Ssshhh … Occupants Inside: Putzmeister America Helps Complete Construction of the Partially Occupied Summit Building
Ssshhh … Occupants Inside: Putzmeister America Helps Complete Construction of the Partially Occupied Summit BuildingSTURTEVANT, Wis. (November 2004) – Once again, construction on the Summit building is in progress. Floors are being added to an existing high-rise in the Summit office building complex located in the heart of Bellevue’s central business district. This special area offers a panoramic view of Seattle, Lake Washington, the Cascades and Mt. Rainier.
Construction of the Summit "Building A" had reached the third of 11 floors when the project was halted due to uncertainty about occupancy. The three-story building was temporarily finished and the existing space leased.
Despite the situation, developer Bentall Capital U.S. Inc. remained hopeful that it would eventually finish the entire 143 ft. tower and add more tenants. That time came when Puget Sound Energy signed an agreement in 2004 to lease the tower upon completion. As a result, the first concrete pour occurred on August 20, 2004, with completion of the 235,000 sq. ft. structure slated for 2007.
With existing tenants of the building (businesses and a daycare) remaining in the structure during construction, the first concrete pour required a great amount of ingenuity. The remaining nine floors – spaced 12 ft., 8 in. apart – had to be constructed without disruption from noise or vibration. This required a new approach for placing concrete.
The general contractor, Sellen Construction of Seattle, relied upon Pacific Concrete Pumping to assist with a plan for minimal noise and no vibration during concrete placement. Pacific Concrete Pumping, with facilities in Redmond, Issaquah and Monroe, Wash., stepped up to the challenge. The 15-year old pumping company is owned by Mike and Julie Cooper and offers a 16-unit Putzmeister pumping fleet, a highly trained staff and the necessary expertise to accommodate this job’s special demands.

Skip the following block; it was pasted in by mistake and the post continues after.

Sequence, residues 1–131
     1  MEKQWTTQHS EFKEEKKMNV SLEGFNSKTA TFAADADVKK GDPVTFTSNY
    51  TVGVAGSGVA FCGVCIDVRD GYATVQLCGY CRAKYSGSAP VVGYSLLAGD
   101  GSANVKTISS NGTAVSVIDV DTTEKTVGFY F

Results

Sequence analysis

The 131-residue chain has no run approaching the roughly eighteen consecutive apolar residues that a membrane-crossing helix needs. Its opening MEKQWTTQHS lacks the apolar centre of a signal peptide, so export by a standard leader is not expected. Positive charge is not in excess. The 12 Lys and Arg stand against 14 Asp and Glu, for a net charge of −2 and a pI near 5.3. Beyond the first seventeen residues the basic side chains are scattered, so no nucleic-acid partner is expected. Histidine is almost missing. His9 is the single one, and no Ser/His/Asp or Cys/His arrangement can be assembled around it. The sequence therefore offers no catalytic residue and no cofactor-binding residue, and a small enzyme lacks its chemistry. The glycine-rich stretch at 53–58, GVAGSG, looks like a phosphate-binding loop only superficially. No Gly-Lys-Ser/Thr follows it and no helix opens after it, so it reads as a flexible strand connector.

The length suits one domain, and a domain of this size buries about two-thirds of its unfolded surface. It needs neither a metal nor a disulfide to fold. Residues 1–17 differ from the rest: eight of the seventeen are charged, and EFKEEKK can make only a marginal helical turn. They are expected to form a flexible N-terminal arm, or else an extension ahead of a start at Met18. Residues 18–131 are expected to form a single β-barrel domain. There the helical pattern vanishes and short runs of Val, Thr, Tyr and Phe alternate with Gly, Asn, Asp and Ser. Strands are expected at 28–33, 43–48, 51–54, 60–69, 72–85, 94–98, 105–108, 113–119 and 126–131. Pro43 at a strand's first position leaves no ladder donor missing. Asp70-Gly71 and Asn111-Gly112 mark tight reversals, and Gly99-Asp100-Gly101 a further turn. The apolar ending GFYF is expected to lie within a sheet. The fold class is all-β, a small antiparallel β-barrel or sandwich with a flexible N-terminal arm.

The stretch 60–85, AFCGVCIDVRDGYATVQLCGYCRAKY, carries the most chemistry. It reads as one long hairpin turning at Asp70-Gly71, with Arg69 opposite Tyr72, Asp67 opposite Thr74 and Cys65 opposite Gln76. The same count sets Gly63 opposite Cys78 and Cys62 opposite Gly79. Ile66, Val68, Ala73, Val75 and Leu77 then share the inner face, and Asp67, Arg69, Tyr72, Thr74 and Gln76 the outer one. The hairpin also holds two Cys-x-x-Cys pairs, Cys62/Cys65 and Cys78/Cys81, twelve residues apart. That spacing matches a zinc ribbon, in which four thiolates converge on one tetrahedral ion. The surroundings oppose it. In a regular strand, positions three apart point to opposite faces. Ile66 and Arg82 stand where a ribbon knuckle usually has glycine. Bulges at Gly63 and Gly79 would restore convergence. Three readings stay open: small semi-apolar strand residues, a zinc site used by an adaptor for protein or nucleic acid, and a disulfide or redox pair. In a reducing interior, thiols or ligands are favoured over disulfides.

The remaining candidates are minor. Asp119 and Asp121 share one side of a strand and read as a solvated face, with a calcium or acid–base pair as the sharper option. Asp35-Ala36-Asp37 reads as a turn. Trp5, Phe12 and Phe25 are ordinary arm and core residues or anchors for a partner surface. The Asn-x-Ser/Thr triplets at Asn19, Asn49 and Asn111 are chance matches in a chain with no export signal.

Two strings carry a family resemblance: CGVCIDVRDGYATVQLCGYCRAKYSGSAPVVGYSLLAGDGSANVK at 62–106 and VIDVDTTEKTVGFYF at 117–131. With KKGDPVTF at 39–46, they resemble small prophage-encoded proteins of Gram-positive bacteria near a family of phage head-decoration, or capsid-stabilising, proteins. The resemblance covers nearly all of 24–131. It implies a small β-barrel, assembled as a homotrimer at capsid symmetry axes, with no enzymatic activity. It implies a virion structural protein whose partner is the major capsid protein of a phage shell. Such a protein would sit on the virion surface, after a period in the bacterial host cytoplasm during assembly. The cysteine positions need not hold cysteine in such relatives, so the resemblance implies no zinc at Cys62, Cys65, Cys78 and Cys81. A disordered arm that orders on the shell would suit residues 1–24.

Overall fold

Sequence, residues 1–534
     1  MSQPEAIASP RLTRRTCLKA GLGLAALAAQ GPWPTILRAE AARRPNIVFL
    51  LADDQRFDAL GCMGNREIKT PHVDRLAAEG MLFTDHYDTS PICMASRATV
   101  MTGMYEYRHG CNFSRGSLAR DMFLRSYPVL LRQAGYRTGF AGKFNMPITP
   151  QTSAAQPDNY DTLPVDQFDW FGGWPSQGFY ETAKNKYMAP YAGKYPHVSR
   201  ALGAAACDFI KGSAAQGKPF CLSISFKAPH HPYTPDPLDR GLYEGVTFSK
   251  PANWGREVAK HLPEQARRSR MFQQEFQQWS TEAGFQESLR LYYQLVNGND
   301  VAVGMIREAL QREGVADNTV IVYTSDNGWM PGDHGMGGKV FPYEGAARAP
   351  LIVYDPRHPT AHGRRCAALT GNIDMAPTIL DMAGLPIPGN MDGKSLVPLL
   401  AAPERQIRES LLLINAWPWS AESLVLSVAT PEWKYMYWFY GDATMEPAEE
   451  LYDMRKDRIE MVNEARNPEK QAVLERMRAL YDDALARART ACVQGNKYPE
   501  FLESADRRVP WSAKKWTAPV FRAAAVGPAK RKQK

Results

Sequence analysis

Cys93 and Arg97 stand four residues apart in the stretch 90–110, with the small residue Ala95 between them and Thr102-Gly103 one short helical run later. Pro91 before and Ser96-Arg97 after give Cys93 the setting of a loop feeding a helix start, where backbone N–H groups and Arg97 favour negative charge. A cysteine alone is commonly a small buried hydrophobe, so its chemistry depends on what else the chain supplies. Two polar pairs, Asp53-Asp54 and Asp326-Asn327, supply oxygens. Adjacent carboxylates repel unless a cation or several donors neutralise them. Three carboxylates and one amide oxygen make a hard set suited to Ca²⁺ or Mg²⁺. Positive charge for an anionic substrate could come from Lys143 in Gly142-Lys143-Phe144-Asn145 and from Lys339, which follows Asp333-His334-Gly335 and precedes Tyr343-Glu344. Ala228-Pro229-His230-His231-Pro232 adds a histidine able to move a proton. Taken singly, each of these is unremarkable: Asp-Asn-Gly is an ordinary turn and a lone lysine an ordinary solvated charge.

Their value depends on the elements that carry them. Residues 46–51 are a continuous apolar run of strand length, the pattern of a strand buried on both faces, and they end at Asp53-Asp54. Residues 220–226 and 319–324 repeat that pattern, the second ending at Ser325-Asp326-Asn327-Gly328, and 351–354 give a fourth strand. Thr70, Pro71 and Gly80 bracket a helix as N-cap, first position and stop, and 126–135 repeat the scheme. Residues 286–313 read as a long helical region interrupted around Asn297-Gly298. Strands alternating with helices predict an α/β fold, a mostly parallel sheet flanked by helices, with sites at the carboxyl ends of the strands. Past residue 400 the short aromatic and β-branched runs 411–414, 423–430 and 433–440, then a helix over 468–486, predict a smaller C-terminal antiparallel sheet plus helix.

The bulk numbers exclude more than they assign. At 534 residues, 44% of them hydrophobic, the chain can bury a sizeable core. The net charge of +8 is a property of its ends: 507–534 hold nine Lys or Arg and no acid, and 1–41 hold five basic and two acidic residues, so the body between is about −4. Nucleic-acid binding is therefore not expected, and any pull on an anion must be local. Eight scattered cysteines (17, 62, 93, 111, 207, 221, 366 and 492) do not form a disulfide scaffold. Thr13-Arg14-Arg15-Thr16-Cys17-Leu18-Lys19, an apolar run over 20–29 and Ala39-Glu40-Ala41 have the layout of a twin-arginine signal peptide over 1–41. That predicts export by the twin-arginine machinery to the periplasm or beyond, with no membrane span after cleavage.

Keith Gustafson, general manager of Pacific Concrete Pumping says, "We worked with a lot of different technical people on this project because absolutely everything was re-engineered to ensure the safety of the occupants inside and to avoid construction disruptions during the concrete placing process."
Gustafson also notes, "We especially worked hand-in-hand with the professionals at Sellen throughout the decision-making process. It was definitely a team effort to jointly develop and implement a plan so that tenants are virtually unaware of what is happening around them."
Working with Sellen, Pacific Concrete Pumping suggested detaching a boom from a Putzmeister 36-Meter truck-mounted concrete pump to act as a separate placing boom atop a tower.
For erecting the placing boom tower, the easiest approach would have been to re-shore the floors using the existing 4 ft., 6 in. holes left when construction originally started years ago. Unfortunately, this method was not an option. With no way to appropriately distribute the weight between the roof and the third floor due to the building’s occupancy below, the most effective alternative proved to be a Putzmeister adjustable wall bracket.
Fortunately, engineers determined that the shear wall had enough strength to withstand the forces of a mounted wall bracket. As a result, the bracket was bolted through the 2.5 ft. thick shear wall of the building’s core.